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How to Correctly Grind Tungsten Electrodes and Stay Safe Doing It

Posted by José Antonio Camacho on Aug 19, 2019 9:57:00 AM

GTAW, or TIG welding as the American Welding Society officially calls it, is a welding process where the joining of metals occurs through the electric arc established between a non-consumable tungsten electrode and the base material, both protected in the welding zone, for an atmosphere of inert gas.

Tungsten Electrodes: TIG Welding's Most Important Piece

When it comes to TIG welding, tungsten electrodes are the most important part of the application. Since its development in 1941, it has sought to improve performance and performance through the addition of elements of high melting point and physical/chemical qualities that allow it to withstand the typical working conditions of this process.

In the AWS A 5.12 standard, the electrodes are classified according to the elements that are added to the tungsten electrode to acquire specific properties, summarized in the following table:

Classification SAE-ASTM Percentage of weight (%) Color
AWS UNS W (min.) CeO2 La2O2 ThO2 ZrO2 Other elements
EWP R 07900 99.5         0.5  
EWCe-2 R 07932 97.3 1.8 - 2.2       0.5  
EWLa-1 R 07941 98.3   1.8 - 1.2     0.5  
EWLa-1.5 R 07942 97.8   1.3 - 1.7     0.5  
EWLa-2 R 07943 97.3   1.8 - 2.2     0.5  
EWTh-1 R 07911 98.3     0.8 - 1.2   0.5  
EWTh-2 R 07912 97.3     1.7 - 2.2   0.5  
EWZr-1 R 07920 99.1       0.15 - 0.40 0.5  
EWG   94.5 Not Specified 0.5  

As you probably have experienced, the electric arc carries a lot of determination of the welding results in a TIG welding application. There are times where it looks like everything is set up for an ideal process, then the end result doesn't match up. Is it improper welding technique? Poor gas coverage?  I could be, but likely the reason stems from an unstable electric arc.

Why do we have an unstable arc? Most likely, it's the sharpening of our Tungsten electrode that's the cause:

Cause Problem Solution
  • Unsuitable Tungsten Sharpening
  • Polarity not adequate
  • Very low amperage Inadequate arc length
  • Unstable arc
  • Sharpen the tungsten with the appropriate angle using a tungsten sharpener.
  • Preferably use CCPD (-)
  • Parameter setting (amperage)
  • For very high arc, set the length between 2-4 mm distance to work piece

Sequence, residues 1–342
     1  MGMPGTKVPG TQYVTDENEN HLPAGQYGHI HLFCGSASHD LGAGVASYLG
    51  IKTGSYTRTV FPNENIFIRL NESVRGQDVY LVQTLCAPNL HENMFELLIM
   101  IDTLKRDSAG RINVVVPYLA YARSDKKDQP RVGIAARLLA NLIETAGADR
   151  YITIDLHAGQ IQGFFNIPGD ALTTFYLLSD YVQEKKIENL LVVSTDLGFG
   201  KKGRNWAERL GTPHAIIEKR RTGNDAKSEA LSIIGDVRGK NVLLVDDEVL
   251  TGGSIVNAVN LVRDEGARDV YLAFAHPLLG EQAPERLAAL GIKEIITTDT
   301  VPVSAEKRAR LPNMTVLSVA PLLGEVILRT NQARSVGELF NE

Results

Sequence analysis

• Check that the gas is adequate

When it comes to the correct sharpening of your electrode, the next question often is what does proper tungsten electrode sharpening look like?

The critical thing to know is that sharpening influences weld penetration, arc stability and, above all, weld quality, in addition to the electrodes respective durability.

A correct sharpening is one that gives the Tungsten an ideal shape, preventing it from being too pointed but not blunt. When using a Tungsten grinder and cutter, it is important to know that when using it you have to grind the tungsten electrode parallel to the wheel:

Correct Tungsten Shape Incorrect Tungsten Shape
1 Afilado 2 Afilado
Stable arc provides greater tungsten life Unstable arc provides less tungsten life

Here's a more clear demonstration of how the sharpening of the tungsten electrode influences performances:

Poorly Sharpening Well Sharpened (Ideal) Overly Pointed
afilados2 afilados1 afilados3
  • Erratic weld arc
  • Very wide weld pool 
  • Low penetration depth
  • Very stable welding arc
  • Pointed heat
  • Good depth penetration
  • Danger of Tungsten contaminating the weld pool


Staying Protected While Sharpening Tungsten Electrodes

Knowing the importance and influence of the sharpening of the Tungstens in TIG welding, you might wonder how to achieve the ideal sharpening? At this point, we must talk about health and the welder's breathing zone.

Sharpening involves the release of harmful particles for welders and hence the importance of knowing where and how to do it.

During the process of sharpening, a variable amount of particles is produced that can penetrate small wounds and, above all, be inhaled through the lungs and the digestive system where they disintegrate and accumulate.

Studies on tungsten as a carcinogen have produced mixed results to date, but recent studies have shown exposure to tungsten concentration can lead to issues of the immune system. The greatest risk is the inhalation of the dust, the product of the sharpening, which is why it is important to use a sharpening system with a "closed process" that keeps the electrode covered at all times and protects the welder or laborer from overexposure.

Tungsten sharpeners exist that make this key task simple, accurate and safer.

Among Tungsten sharpeners out there, there are typically two types, for dry and wet process.

Dry Tungsten Grinders

A dry tungsten grinder is a portable piece of equipment that is easy to operate and helps in the repetitiveness of the sharpening.

Ideally but not always, dry electrode sharpeners will feature a "closed process" that limits exposure of tungsten particulates and sharpening powder to the operator. There are dry grinders that use powder where the operator will be exposed to it, and that can over time be potentially hazardous.

Always use proper localized ventilation or respiratory devices when using dry grinders.

Wet Tungsten Grinders

Wet tungsten grinders with a "closed process" allow for no exposure of the operator to the sharpening powder.

Wet grinders sharpen from 15 to 180º. They usually feature a greater durability of the sharpening wheel and cause less damage by heating the tungsten electrode during the process.

Easy removal of powders and sharpening liquid is normally possible with wet tungsten grinders. Like with the dry grinder, these are very easy to operate and have great sharpening repeatability.

Topics: TIG Torches